Frequently dividing family heirlooms can become a hotly contested issue in a divorce. Specifically jewelry, photographs, antiques or other collectibles are often the focus of separating parties during divorce. To help determine the disposition of those items, it is necessary to know the origins of each item.
The general rule is that anything acquired before marriage is considered to be separate property. On the other hand, subject to some restrictions, anything acquired after marriage is considered to be community property and may be subject to division. Since, in Texas, all property is presumed to be community property, it is important to be able to prove that a particular disputed item was either acquired before marriage, was inherited, or was a gift. In some cases, there may be a dispute over whether the item is separate or community. Even when one party acquires an item from inheritance or prior to marriage, the surrounding circumstances or actions of that party during the marriage could make it subject to division at the time of divorce.
During a divorce, the engagement jewelry is often an item of contention. Typically, an engagement ring is usually considered a gift to the person who accepted the ring and therefore cannot be reclaimed by the gifter. While Texas courts have upheld that an engagement ring is a pre-marriage gift and is not subject to division, there can be an argument made for an exception when the engagement ring was a family heirloom from the gifter’s family.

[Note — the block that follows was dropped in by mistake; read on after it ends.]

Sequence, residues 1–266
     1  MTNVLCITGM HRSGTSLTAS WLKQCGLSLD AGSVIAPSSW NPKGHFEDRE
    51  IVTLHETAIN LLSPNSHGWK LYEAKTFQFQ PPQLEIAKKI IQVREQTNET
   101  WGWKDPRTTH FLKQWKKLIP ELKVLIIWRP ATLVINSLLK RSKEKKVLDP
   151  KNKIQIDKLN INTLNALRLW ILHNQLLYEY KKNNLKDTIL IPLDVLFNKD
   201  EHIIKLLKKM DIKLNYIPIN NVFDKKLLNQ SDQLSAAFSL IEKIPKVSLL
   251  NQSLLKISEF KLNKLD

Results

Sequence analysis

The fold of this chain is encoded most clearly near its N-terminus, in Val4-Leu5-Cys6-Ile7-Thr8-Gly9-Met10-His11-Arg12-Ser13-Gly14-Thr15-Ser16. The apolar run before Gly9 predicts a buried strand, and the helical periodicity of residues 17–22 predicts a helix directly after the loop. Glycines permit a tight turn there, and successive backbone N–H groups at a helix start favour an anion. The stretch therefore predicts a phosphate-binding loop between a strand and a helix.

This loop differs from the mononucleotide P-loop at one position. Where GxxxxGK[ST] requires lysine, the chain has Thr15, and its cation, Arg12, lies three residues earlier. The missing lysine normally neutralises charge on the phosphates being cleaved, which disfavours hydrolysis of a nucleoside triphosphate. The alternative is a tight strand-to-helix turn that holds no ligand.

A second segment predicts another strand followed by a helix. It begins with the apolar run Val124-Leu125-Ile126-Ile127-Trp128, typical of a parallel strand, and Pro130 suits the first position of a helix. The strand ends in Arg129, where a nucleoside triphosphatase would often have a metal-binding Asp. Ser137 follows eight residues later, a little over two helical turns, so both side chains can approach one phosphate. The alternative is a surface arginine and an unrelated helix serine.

Another issue that can arise is the misplacement or loss of family heirlooms. To lessen this possibility, the divorcing spouse who decides to vacate the marital residence may either take the heirloom when moving or take photographs of the item’s condition and location in the marital residence for recordation purposes. But having the item or photographs of the item is not proof of value. So, to equalize the division of property, it may be necessary to hire a professional appraiser to assess a value on particular item. Other benefits of having your heirlooms professionally appraised would be for insurance purposes, estate settlement, damage claims, and charitable giving.
If you would like more information about how to protect your family heirlooms or about the general division of assets during a divorce, you can schedule an appointment with Travers & Travers to discuss the specifics in your situation.